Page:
Satmya, pronounced “sat-mee-ya” originates in the ancient Sanskrit language and is used in Ayurveda to denote an important principle of health. It basically means “wholesome adaptation through gradual change”
If you have been following my newsletters you know that this year has been full of studying for me. A year long clinical nutrition mentorship program with Liz Lipski (PhD in Clinical Nutrition and the author of the must read Digestive Wellness) and a year of deepening my Ayurveda knowledge with Vaidya Atreya Smith. While both approaches to healing have a lot in common, they have quite a few differences.
There is a lot of controversy around the effect of legumes on our digestive system and health in general. Some people and traditions recommend making it the core of your diet while lots of paleo folks and functional medicine practitioner advise to shun away from them. I personally, still keep lentils in my diet 2-3 times per week. But since each body is different and each digestive system is different, I want to help you make the right decision for your body.
You must’ve heard it from your trainer, read in every magazine, and saw multiple experts talk about the importance of consuming enough protein for a healthy and slim body. It seems that without sufficient amount of protein our body’s metabolism slows down, energy level drops, weightloss becomes impossible, and we turn into weaklings. Protein is an essential nutrient that plays a key role in how our bodies function. Protein provides building blocks for body tissue, and can also serve as a fuel source.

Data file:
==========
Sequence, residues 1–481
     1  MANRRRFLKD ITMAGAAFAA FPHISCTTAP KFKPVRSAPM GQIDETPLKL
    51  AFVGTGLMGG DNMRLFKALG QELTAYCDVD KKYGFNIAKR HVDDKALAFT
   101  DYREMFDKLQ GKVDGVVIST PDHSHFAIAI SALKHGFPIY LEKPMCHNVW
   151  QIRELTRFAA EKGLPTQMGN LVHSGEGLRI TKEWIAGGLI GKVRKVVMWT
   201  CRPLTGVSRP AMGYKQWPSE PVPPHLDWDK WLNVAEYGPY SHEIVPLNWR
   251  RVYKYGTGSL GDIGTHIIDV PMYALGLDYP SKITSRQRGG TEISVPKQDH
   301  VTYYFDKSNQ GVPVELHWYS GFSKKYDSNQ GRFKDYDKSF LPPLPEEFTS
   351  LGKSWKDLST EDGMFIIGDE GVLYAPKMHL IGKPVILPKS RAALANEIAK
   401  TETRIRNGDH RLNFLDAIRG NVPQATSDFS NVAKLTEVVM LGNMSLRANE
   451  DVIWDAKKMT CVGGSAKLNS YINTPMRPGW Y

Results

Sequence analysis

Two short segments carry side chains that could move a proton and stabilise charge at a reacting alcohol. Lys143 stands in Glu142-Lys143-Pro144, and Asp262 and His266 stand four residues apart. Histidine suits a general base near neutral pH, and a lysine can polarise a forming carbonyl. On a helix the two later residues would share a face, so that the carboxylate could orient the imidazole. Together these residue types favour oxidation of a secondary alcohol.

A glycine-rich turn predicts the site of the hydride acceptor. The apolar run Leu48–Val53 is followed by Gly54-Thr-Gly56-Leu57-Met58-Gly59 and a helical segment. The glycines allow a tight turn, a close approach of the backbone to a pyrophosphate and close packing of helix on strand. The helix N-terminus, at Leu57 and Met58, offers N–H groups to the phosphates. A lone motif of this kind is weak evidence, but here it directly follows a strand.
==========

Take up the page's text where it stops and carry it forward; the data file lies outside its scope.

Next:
We are great at setting goals, we are good at creating a vision, but not many of us rely on actions and behavior change to bring forth what we desire. Rarely do we turn to examine our surroundings – the environment that we live in. In this particular situation I want to talk about the influence of the environment on our health.
Our digestion determines the health of each cell in our body. Strong efficient digestion equals great energy, glowing skin, deep sleep, and good mood. Bad digestion leads to low energy, breakouts, poor sleep, mood swings.
Interview with Cate Stillman of Yoga Healer
We tend to idealize people, theories, and traditions and try to copy them to our life. This happens with ayurveda a lot. Breaking tradition is looked down upon.
I usually try to avoid a topic of weight loss on my blog because I full-heatedly believe that weight loss is a side effect of kind and intelligent choices that we make in relationship to one self. Once you are in full integrity with your values and your desires, weight will slide off of you because you won’t need hiding anymore. Your behaviors will support a healthy weight, not force it.
When I started doing yoga as a 12 year old and entertained myself with the idea of reaching enlightenment by the time I grow up, the idea of proper diet was starting to take a firm hold in my mind. Yogic texts that I read spoke about a pure sattvic diet that was mandatory for a true yogi. Meat, animal flesh, eggs were considered dull, heavy, impure. They were not supposed to be on a yogi’s menu.
It’s been 5 days since I got back from my Panchakarma retreat at the Ayurvedic Institute in NM. Panchakarma is a traditional ayurvedic detoxification program. It includes a specific diet, treatments, and an herb regimen.The goal is to help the body get rid of the waste and come back into balance.